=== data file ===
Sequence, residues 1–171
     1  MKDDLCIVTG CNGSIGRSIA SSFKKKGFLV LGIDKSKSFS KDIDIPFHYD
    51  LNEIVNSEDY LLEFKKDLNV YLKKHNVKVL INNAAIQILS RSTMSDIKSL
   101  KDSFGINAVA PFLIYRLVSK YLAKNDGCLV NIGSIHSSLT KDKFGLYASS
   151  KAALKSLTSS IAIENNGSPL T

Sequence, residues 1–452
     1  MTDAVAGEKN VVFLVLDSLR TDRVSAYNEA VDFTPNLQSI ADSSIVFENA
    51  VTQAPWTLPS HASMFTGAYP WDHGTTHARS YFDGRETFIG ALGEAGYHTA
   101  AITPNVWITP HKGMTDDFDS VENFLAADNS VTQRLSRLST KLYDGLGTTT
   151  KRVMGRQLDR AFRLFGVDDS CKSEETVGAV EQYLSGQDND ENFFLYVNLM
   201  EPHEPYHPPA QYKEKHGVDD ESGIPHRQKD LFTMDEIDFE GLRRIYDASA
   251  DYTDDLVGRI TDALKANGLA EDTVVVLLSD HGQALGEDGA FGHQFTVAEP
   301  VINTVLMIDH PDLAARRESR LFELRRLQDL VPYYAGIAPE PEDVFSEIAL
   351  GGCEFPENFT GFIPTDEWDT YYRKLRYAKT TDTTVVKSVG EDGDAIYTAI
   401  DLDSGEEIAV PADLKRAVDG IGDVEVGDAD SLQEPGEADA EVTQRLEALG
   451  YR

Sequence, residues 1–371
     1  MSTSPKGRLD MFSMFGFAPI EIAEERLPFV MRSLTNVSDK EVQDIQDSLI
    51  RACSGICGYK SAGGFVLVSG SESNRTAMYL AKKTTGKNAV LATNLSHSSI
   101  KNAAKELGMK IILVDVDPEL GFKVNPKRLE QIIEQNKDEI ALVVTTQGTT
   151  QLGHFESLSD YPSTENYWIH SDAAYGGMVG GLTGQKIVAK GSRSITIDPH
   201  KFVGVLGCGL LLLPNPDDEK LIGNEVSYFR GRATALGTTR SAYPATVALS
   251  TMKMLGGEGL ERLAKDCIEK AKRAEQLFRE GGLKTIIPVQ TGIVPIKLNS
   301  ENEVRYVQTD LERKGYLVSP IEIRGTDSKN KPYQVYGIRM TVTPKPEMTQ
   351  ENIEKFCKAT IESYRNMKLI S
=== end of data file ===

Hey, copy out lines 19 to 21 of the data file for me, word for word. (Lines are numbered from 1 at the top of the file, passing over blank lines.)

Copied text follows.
    51  RACSGICGYK SAGGFVLVSG SESNRTAMYL AKKTTGKNAV LATNLSHSSI
   101  KNAAKELGMK IILVDVDPEL GFKVNPKRLE QIIEQNKDEI ALVVTTQGTT
   151  QLGHFESLSD YPSTENYWIH SDAAYGGMVG GLTGQKIVAK GSRSITIDPH